The sensation must be reasonably comfortable for the cow because Polly, despite being a novice milker, didn't have any problems with the EZ Milker. It was a strange for me, though, to get milk without the work. I just sat there and held the bottle and let the suction do the work. Once in awhile I gave a few more squeezes to the pump, and then it was good to go for another couple of minutes. It felt odd to milk a cow without the familiar "zing zing zing" of milk streams hitting the bucket.
I quickly realized how useful this gizmo would be for those whose health won't permit them to actively milk an animal. Hand strength simply isn't required.
Nor is cleaning a problem. In fact, the milker was an absolute snap to clean. In contrast to the absurd cleaning requirements for the portable milking machine our neighbors had, all I had to do with the EZ Milker was submerge the various components in hot soapy water, slosh them around, and upend them to dry. For obvious reasons, the pump itself is not washed, just the parts that come in direct contact with the milk.
However if you DO get milk into the pump (which you'll know because your hands will get wet with milk), there is a way to safely clean the pump, outlined in detail here.
Now since I don't have hand-strength problems when milking cows, I continued to milk Polly by hand as the summer progressed. But then something interesting happened.
My beloved older Jersey, Matilda, gave birth to little Amy in mid-September. Because Matilda's udder is poorly attached, it swells and hangs very low after she gives birth. This time it hung so low that Amy couldn't nurse, necessitating an emergency milking of Matilda's colostrum and bottle-feeding the calf.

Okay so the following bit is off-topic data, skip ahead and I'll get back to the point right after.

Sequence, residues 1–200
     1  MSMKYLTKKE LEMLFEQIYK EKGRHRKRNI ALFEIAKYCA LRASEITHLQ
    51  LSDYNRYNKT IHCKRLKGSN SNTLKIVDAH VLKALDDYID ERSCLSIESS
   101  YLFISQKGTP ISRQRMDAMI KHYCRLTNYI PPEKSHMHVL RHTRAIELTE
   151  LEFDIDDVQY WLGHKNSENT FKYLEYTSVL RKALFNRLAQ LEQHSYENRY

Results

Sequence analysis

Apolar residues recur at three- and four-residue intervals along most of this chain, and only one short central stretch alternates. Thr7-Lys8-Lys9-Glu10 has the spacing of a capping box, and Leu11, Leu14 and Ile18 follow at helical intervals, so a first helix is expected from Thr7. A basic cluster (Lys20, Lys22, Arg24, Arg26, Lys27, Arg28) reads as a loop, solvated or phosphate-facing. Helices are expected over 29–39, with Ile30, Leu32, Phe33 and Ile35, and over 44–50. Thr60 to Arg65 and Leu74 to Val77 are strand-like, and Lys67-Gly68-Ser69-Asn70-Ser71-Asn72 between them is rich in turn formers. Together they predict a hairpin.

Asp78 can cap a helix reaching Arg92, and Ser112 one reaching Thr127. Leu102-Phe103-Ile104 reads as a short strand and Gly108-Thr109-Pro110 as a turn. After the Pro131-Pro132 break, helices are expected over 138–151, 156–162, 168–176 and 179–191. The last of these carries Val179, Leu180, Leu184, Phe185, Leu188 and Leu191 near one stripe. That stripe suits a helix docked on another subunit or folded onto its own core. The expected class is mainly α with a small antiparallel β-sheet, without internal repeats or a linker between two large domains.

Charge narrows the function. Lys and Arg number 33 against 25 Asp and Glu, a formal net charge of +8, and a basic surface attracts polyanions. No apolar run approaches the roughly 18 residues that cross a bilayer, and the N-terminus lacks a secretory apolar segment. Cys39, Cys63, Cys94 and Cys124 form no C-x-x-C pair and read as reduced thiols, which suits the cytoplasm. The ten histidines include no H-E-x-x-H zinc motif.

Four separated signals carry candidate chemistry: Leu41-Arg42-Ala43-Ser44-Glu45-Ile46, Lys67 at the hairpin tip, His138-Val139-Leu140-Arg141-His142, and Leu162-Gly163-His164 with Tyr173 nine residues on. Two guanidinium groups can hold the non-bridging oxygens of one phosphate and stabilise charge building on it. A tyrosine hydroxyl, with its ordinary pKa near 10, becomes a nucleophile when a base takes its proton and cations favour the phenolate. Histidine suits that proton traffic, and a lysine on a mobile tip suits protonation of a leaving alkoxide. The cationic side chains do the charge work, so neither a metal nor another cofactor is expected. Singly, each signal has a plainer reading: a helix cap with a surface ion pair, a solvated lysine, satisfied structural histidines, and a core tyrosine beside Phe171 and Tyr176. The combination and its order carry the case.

I tried using the EZ Milker to milk out the colostrum, but Matilda's udder hung so low that I couldn't fit the milker underneath it. Buck Wheeler later said, "I wish you would have called me because the pump is set up as vacuum. It will work sideways very effectively. It does not have to be straight down or under the bag, you could milk her laying down."
Now that's what I call a versatile product!
Despite my ignorance on this strategy, I milked enough colostrum to feed the baby... and this time the EZ Milker kit became a literal life-saver. You see, among its many fine accouterments, there are bottles of various size and, most critical, a rubber nipple just the size for a baby to grasp. I used those bottles exclusively for three weeks until Amy "found the faucet" and got the hang of nursing (which also correlated to when Matilda's udder resumed a less-massive size).
I wish I'd had an EZ Milker when we first got Matilda and were fighting teat scabs as well as a life-threatening case of mastitis. Milking her was a nightmare which gave me a bad case of carpel tunnel that took me months to get over. An EZ Milker would have eliminated that problem.
All in all, I must say this EZ Milker is a phenomenal invention. It opens up the possible of home-grown milk to a whole segment of people whose physical conditions may have previously excluded them from the joys of milking an animal.
The EZ Milker website has lots of info as well as videos on how to use the product. The link called EZ to Use has lots of additional info (as well as video instructionals) on how to use, clean, and care for the milker. There are different kits available depending on what kind of animal you're milking (i.e. horse, cow, goat, sheep, or even more exotic critters like llamas and reindeer). There are also additional accouterments available (extra bottles, replacement parts, etc.) on the website. And Buck Wheeler is a font of information for anyone with questions.
It's always nice when a product lives up to its claims. In this case, the EZ Milker far exceeds its claims and is, I feel, a valuable tool for any homesteader. It may even allow people to become homesteaders who were unable to milk because of health considerations.
The EZ Milker kit comes in at under $200. While that might seem pricey, the quality and usefulness will easily offset the price. And the customer service for all aspects of the product and its various uses is superb.
If I was a person to give a "star rating" to something, I'd have to give five stars to this baby. Over the years I've had readers express regret that they couldn't get a milk animal because of some sort of physical impediment. Can you imagine the whole new world that might open up for these folks?
All in all, I can highly recommend the EZ Milker.